This is the final installment of my Aviary adventure with Baby G, who took all the photos of me feeding birds.
After feeding the lorikeets and seeing some beautiful birds in their small enclosures (including some amazing weaver birds that I couldn't get any pictures of that weren't blurry), we went to the Tropical Rainforest room for our last big feeding show.
This was Gretchen's favorite bird, William the Victoria Crowned Pigeon:Look at that crazy crest! And for a pigeon, he was HUGE--like chicken-sized. Here's where I have to confess: William lost a feather (see it on the sidewalk near his tail?), and I really wanted it. But despite the fact that it was lying there on the sidewalk, I didn't pick it up. Reason? Just as I was thinking, "look, he lost a feather! I WANT IT," the crew of the Aviary were having a discussion by walkie-talkie about whether they "give out" feathers, and the answer was NO. So I took this as a sign that I'd better not pick up that beautiful blue feather. sigh.
This is the best pic I could get of a Blue-bellied Roller, one of my favorite birds I saw that day. He's a member of the Kingfisher family, and his cry was kinda similar to that dry rattle our Kingfishers make. When he flew, he flashed these sky-blue underparts on his wings. Amazing.
This shimmery little blue bird didn't come out of the underbrush, and I can't ID him on their Web site. Anyone? Anyone?
Another lurker who never came out of the undergrowth; he just watched us the whole time as we sat on a bench about four feet away from him. No idea what kind of bird he is, though his little spotted breast reminds me of our thrushes.
This Hamerkop looked a lot like a heron to me, but he's not even related (according to the guy who presented the birds). They have a little patch of carpeting on this perch so that the bird gets used to landing on it; then when they want to weigh him, they bring in a scale with the same carpeting on it, and the bird jumps right on. Smart! The presenters made it a point to say they never force the birds to do anything; they ask them and make it easy for them to do what's necessary. No big tricks or anything--just flying around and being themselves, getting the occasional treat.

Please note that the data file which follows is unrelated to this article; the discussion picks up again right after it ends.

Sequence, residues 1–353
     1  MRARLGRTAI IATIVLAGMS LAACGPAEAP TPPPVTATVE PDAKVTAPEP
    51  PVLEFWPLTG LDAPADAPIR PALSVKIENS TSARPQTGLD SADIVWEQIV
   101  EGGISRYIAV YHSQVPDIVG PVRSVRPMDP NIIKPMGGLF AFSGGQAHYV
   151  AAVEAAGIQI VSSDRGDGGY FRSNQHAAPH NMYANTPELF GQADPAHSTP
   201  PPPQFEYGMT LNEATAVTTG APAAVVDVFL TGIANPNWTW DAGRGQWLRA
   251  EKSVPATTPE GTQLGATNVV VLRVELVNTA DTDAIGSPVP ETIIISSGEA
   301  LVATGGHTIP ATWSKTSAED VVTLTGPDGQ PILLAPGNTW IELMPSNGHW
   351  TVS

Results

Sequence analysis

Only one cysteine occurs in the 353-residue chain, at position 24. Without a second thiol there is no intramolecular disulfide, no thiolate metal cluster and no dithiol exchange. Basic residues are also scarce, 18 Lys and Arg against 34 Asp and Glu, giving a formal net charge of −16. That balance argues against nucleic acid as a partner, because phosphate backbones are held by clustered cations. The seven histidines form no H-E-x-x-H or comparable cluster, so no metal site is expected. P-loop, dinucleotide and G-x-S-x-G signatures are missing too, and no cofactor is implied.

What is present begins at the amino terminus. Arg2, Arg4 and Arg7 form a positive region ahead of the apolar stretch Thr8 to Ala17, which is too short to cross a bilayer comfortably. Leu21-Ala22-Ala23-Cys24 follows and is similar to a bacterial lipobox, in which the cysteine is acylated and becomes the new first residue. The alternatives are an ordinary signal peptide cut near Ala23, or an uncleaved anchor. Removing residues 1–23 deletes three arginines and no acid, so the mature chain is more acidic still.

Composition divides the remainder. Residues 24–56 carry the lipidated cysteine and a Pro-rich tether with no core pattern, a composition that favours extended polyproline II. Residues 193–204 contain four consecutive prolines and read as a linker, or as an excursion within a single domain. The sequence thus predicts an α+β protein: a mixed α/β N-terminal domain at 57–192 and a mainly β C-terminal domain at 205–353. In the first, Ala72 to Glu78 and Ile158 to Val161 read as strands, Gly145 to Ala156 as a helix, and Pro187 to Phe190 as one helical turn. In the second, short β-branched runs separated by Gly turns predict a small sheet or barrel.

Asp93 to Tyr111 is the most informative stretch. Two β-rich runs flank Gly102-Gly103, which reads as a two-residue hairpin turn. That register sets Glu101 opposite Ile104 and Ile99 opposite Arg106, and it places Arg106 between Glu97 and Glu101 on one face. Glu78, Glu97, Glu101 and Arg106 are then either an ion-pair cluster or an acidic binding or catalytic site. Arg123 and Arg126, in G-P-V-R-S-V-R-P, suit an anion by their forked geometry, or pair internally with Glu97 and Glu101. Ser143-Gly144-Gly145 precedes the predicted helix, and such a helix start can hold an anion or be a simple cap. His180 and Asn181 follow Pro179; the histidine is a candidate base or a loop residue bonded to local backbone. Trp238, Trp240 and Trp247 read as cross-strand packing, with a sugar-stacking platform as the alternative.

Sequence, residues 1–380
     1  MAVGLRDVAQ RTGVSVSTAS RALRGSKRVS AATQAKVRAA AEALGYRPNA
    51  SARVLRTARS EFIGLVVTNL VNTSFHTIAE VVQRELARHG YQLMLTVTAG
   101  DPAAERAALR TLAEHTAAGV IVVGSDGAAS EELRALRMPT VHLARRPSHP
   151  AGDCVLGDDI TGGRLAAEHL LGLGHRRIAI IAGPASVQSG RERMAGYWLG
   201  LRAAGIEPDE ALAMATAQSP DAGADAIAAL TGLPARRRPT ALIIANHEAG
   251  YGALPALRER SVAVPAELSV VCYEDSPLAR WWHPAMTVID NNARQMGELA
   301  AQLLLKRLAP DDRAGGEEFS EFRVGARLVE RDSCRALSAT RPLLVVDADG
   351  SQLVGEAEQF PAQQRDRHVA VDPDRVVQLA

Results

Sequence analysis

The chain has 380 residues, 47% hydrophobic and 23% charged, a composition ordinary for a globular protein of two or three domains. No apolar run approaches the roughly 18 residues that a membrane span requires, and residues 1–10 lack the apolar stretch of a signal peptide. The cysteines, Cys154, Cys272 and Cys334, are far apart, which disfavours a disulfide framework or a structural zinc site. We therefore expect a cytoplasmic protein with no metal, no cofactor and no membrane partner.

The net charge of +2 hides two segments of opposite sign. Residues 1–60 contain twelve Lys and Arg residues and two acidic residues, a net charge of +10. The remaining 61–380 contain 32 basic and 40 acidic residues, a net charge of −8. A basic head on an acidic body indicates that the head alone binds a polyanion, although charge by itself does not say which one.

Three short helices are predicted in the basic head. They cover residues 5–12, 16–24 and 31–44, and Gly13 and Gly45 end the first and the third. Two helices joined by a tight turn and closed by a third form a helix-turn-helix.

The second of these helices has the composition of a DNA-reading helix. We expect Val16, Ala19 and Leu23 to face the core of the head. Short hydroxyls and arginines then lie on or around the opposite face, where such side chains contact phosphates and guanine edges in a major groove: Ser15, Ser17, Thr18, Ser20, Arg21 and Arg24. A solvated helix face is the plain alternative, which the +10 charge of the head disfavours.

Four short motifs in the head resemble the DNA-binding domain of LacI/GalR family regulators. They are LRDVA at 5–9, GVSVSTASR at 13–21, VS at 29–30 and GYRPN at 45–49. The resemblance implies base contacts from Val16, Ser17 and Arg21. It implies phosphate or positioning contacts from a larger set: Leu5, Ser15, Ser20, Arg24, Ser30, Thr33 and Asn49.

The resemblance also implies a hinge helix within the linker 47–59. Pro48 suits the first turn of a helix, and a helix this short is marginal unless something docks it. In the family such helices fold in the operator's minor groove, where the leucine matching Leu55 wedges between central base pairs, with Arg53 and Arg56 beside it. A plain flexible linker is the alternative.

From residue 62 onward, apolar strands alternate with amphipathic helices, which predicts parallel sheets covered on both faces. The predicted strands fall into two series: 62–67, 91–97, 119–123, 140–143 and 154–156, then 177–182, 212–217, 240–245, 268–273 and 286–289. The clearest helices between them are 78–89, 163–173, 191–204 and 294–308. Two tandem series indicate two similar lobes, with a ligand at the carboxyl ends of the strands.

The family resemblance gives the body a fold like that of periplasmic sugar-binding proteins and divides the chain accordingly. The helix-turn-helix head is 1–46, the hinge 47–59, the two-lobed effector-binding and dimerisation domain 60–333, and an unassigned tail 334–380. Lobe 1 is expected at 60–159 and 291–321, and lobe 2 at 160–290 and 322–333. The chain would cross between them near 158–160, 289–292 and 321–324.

This Crested Wood Partridge (I think--that was the match I came up with) was another lurker who only emerged for a brief snack in this little enclosure.
Every time this African Jacana moved around, he did so with these very slow and deliberate steps--Gretchen said he looked like a little old man walking around.
I saw a few of these incredible birds flying all over the place, just waiting for their turn to feed:The guy asked for volunteers, and I quickly raised my hand. I then got to hold a palm-full of LIVE mealy worms, and this beautiful bird landed RIGHT ON MY HAND!Lynne commented in the last post that I seemed to have a grimace on my face when the Lorikeets were feeding while standing on my arm. I think it's my "holy freakin' moly, I'm holding a bird!" look.
I calmed down a little bit.
I wish I could tell you what kind of bird this is, but I just didn't catch it that day and I can't find them on the Aviary's Web site. Any guesses? Isn't he amazing, though? The male and female were just as brilliantly colored. Definitely my favorite bird of the day.
Some final pics, many of which are of birds I can't ID:
Is this a scarlet ibis?
Couldn't find this beauty on the Web site.
William, struttin' his stuff.